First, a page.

At the helm is the disarmingly cheery Ray Brown, one of the skippers of the Erimus Star for the last eight years. Originally a lorry driver, he answered the call when the position became available, a role he now combines with his HGV duties.

“I hadn’t done much sailing before I started – just a trip on the Norfolk Broads one holiday – but there were so many courses I had to complete in order to qualify to do the job, my level of experience didn’t really matter. I had to do a Power Boating course, a Radio Operator course, a Sea Survival course, a Day Skipper course and a Night Skipper course. Obviously, nothing compares to actually doing the job and of course knowledge of the river is really important, which is something you can only pick up over time. Now I can say I’m an experienced sailor but to be quite honest, I try to avoid boats when I’m on holiday these days!”

It may seem odd that his 56 year-old craft is the best way to retrieve the waste oil discharged by the various boats in dock at Middlesbrough but there’s a perfectly sensible reason for it.

“There’s a lot of Petrochemical plants here and, for safety reasons, motor vehicles are restricted from large parts of those sites. As we can’t use a lorry to tank the oil, it makes sense to do it by boat.”

One area where you can’t expect Ray to offer an easy explanation is if you ask him to describe an ‘average day’ – there isn’t one!

“Everything can be different from one day to the next: the weather, the number of times we’re called out, the size of the boat we’re discharging from and even the amount of notice we get to do it – although that’s usually when someone’s forgotten about discharging their oil until the last minute!” – there’s a distinctly mischievous tone to his voice as he adds the final sentence!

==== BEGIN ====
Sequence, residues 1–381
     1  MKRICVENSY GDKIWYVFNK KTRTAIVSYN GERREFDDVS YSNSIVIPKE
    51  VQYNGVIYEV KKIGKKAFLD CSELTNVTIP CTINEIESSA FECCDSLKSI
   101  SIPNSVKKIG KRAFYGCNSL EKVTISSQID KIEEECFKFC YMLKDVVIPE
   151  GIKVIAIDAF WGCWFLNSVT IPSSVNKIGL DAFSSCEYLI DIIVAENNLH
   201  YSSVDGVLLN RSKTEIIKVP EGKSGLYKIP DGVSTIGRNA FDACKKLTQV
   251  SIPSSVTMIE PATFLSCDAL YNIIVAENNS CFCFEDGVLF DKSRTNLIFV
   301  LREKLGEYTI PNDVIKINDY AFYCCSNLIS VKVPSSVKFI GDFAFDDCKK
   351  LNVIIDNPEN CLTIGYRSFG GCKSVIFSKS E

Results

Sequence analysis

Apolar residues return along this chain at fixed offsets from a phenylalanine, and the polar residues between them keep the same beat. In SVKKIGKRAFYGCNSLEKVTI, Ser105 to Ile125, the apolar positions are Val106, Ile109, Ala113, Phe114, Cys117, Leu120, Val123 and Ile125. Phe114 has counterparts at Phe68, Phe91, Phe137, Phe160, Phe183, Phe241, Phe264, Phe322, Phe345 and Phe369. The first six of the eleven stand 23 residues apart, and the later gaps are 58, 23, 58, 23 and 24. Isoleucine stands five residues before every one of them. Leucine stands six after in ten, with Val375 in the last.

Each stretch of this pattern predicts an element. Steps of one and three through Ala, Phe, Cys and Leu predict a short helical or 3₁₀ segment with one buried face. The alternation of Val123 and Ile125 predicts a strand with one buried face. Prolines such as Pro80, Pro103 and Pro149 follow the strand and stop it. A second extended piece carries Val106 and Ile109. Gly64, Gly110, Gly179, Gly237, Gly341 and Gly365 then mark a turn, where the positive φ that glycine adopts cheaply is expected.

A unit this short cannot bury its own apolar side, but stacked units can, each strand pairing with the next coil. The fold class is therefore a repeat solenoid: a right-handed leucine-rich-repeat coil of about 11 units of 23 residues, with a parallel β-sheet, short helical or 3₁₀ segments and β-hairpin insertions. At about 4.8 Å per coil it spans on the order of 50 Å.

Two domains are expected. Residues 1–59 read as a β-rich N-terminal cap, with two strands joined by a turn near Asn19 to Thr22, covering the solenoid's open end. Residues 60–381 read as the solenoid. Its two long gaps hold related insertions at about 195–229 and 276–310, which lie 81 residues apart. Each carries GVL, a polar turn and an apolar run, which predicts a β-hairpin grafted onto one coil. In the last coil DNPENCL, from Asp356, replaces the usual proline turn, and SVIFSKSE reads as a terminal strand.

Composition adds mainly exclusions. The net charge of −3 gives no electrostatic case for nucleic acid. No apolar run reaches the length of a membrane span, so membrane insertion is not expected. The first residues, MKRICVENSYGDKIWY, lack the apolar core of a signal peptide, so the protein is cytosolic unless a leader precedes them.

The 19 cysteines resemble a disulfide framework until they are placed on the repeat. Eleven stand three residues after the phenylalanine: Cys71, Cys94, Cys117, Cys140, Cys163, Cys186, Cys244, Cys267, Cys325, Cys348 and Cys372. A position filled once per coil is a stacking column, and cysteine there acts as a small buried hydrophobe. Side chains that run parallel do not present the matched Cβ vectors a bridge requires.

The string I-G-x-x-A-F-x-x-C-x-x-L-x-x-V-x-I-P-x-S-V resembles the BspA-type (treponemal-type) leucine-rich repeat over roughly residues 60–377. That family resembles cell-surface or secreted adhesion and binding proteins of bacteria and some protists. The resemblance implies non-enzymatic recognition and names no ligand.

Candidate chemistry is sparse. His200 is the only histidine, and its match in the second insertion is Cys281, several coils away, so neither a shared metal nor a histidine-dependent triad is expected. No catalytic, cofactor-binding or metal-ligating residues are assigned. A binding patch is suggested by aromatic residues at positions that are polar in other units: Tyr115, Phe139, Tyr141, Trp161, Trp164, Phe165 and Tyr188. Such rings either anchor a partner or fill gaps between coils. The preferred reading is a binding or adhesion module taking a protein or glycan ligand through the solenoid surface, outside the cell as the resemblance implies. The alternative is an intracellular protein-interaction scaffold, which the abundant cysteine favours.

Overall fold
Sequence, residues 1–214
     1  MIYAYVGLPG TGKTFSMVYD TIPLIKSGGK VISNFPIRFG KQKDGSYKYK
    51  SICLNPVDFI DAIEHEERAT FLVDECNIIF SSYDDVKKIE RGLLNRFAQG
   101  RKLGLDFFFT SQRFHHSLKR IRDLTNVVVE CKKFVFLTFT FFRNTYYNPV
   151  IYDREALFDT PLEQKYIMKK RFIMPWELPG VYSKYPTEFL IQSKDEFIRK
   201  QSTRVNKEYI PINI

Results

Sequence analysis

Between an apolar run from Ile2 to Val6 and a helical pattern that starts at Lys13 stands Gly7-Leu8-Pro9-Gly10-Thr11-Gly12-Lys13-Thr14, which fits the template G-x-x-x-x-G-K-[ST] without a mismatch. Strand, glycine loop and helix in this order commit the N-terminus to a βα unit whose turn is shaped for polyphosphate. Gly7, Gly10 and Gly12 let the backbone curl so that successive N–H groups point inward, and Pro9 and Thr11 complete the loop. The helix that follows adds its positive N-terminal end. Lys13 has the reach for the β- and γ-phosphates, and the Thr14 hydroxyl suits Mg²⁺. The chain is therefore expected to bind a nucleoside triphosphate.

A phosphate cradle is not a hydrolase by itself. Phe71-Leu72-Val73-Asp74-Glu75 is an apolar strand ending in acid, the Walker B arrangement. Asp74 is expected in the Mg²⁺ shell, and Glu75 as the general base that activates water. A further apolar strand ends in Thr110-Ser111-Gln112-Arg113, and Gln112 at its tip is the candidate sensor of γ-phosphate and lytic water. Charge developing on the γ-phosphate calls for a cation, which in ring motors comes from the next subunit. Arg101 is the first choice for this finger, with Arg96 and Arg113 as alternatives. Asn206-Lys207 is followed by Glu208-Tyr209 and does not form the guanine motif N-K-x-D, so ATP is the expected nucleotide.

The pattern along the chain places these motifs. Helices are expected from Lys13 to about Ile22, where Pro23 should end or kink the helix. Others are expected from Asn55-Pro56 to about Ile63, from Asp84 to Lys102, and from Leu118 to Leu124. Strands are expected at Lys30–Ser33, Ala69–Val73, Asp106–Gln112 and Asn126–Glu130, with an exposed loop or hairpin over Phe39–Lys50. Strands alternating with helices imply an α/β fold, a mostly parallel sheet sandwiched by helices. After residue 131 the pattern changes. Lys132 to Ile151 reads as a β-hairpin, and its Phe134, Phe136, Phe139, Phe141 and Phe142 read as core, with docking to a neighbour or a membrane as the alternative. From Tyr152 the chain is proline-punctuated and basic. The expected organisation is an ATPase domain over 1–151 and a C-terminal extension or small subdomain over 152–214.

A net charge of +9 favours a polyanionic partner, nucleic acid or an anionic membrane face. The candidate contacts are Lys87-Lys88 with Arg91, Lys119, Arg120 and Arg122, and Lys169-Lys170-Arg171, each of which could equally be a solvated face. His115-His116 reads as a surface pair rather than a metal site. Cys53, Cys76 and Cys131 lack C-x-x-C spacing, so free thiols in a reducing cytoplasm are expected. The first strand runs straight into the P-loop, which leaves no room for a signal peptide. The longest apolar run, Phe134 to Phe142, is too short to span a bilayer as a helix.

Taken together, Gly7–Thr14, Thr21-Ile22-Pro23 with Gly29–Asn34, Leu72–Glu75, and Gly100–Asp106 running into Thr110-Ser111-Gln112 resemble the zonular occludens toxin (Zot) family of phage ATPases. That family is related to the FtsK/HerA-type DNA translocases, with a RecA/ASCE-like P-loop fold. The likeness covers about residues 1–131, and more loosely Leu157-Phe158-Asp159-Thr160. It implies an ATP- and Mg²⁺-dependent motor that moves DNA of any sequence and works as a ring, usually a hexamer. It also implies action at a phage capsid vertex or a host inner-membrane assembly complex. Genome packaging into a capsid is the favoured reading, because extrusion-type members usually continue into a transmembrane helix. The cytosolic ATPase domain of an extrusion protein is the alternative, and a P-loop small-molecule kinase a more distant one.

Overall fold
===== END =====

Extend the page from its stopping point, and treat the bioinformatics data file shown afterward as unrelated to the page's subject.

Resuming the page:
As the world of shipping largely operates around the tides, servicing its requirements is likely to be a 24/7 commitment. “I wasn’t needed this last New Year’s Eve but the year before, I was out on the water at 11pm and two years before that, I was working at 2am on New Year’s Day!”

With such demands, it’s easy to see why Ray has such an easy-going demeanour – it’s impossible to imagine anyone doing his job for so long without his good humour and positivity. “It’s a great job in summer, in the fresh air and good weather but when the wind blows up the river from the North Sea, you’d be surprised how high the waves can be – upto a metre and a half in 40 mile per hour winds. Thankfully, I don’t get seasick but after a full day bobbing up and down, it can be difficult to shake the feeling of constant motion, even hours after getting back on dry land.”

One of his most recent call-outs was to one of the largest vessels to regularly visit Middlesbrough, the MV Sertão, a 60,000-ton, 228m drill ship. “It’s a bit more challenging than usual trying to connect up when their deck is 30m above ours but the hardest task is keeping the lines tight enough for us to stay in place while loosening them enough during the eight hours that it takes to discharge 50,000 litres of waste oil, to stop the extra weight dragging us off-balance.”

Ray’s a fascinating guy who does a job that most people couldn’t imagine, let alone do. Together with his colleagues at CSG Recyc-Oil, he’s responsible for processing over eight million litres of oily waste every year. If you’re ever in Middlesbrough, look out for the Erimus Star operating on the Tees, in the shadow of the famous Transporter Bridge. Whatever the weather, you can be sure ‘we shall be’ there!